The Government is expected to receive recommendations next week that the minimum wage be increased to close to €10.
The low pay commission is scheduled to produce its report, which will be considered by the Government as it prepares its plans for October’s budget.
The Cabinet will review the commission report at its weekly meeting on Tuesday.
Commitments to increase the minimum wage from the current rate of €9.15 to €10.50 by the year 2021 have already been made in the programme for government.
Jobs Minister Mary Mitchell O’Connor will bring the commission’s findings to government. The report is also expected to make recommendations about how to address concerns about the large amounts of women on the minimum wage.
Levels of pay for some women is considered low, particularly for some working in childcare, in shops, and as cleaners.
The commission in early 2016 sought submissions from interested parties on the national minimum wage and the underlying reasons for the preponderance of women on the rate.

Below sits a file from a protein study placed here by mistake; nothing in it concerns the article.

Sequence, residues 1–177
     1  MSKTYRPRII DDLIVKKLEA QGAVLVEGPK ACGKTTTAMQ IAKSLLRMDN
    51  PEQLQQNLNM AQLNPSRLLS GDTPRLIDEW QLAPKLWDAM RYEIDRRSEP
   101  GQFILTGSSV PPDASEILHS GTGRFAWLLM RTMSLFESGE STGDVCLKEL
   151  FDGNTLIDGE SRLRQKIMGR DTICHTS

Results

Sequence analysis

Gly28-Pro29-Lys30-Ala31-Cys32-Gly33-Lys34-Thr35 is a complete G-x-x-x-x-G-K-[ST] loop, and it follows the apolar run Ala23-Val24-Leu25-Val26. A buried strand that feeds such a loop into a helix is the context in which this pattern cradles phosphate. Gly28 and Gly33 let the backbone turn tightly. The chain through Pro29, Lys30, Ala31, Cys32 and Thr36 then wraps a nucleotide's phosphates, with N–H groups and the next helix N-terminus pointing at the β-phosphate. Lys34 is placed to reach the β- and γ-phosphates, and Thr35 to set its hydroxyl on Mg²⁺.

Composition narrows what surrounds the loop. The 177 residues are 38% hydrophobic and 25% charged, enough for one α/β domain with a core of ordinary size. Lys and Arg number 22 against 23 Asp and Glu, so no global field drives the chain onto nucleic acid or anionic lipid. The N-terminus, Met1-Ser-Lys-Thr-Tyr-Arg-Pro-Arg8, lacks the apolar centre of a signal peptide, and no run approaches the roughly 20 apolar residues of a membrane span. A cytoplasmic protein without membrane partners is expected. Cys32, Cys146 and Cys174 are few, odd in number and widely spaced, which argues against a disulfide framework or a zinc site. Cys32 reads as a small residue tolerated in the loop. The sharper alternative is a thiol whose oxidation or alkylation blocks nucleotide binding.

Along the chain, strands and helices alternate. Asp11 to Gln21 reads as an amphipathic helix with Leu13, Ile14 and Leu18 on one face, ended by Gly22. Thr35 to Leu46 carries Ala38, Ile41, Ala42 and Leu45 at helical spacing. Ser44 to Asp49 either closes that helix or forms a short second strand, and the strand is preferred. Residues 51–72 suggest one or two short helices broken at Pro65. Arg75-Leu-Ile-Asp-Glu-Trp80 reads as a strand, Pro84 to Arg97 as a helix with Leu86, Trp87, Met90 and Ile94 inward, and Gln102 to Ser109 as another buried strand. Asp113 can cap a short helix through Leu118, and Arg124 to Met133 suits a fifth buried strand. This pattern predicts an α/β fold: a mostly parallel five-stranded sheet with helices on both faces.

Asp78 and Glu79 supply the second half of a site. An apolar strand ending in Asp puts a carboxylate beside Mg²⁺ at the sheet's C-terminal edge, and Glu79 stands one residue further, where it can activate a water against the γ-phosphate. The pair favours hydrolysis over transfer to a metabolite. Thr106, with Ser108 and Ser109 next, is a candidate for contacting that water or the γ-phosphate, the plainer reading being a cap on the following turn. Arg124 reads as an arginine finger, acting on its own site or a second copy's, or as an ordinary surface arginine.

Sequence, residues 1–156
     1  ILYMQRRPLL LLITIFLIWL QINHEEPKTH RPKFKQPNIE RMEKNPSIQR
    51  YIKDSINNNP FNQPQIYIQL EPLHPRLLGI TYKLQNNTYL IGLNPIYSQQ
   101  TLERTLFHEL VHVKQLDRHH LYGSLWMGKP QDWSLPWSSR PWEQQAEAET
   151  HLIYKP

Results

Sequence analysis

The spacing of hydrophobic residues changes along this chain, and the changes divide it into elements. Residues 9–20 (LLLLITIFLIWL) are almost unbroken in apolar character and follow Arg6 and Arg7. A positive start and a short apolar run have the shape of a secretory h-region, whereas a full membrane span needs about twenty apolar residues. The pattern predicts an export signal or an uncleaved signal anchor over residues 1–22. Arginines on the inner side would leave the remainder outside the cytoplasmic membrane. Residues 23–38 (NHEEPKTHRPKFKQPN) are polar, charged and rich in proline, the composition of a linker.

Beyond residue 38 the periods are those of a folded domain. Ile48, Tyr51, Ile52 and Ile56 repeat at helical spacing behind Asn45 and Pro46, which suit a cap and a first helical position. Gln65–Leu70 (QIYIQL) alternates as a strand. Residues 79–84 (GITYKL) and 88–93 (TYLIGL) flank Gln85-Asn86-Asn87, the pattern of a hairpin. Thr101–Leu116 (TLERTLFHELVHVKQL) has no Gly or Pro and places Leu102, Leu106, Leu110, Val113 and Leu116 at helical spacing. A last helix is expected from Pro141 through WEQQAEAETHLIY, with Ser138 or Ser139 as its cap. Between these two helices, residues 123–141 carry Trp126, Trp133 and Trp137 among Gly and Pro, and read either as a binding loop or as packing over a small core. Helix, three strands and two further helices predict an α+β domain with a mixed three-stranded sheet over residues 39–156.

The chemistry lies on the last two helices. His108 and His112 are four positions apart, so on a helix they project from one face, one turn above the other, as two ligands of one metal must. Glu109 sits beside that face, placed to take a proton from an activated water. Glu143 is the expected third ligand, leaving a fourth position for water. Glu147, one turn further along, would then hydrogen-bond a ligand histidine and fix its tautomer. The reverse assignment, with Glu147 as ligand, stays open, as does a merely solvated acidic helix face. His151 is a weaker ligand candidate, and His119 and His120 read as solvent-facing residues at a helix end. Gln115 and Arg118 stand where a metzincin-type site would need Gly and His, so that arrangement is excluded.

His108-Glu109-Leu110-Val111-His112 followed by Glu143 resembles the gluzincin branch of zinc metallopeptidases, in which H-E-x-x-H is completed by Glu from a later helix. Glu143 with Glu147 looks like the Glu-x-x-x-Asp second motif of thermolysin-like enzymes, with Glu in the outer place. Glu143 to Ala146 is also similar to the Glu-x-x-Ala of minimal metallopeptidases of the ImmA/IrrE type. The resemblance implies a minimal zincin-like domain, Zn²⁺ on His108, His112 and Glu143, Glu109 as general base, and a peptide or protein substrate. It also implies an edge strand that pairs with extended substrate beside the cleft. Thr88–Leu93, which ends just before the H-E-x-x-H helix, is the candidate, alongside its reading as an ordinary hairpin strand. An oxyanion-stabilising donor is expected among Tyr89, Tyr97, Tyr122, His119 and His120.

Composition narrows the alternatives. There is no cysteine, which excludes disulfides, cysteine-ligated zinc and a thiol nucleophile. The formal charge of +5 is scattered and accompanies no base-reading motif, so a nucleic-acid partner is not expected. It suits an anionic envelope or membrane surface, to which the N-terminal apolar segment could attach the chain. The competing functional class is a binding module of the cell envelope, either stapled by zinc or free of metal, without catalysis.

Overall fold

Ms Mitchell O’Connor has said that 65% of people on the minimum wage are women.
The decision and level at which basic rates of pay should be increased will be dictated by the level of money available for the budget. Finance Minister Michael Noonan has said up to €1bn extra is available to spend between services and tax cuts.
The Government says it wants to increase the rate over the next five years in a bid to reduce “poverty levels” for the 124,000 workers on it.
Unions want the low pay commission to recommend it boosts the rate beyond the government target due to the economic recovery and a hike in the minimum rate in Britain.
But increasing the minimum wage will not help households trapped in poverty, the ESRI has warned.
Campaign groups and Opposition parties have called for the minimum wage to be increased to €11.50 an hour.
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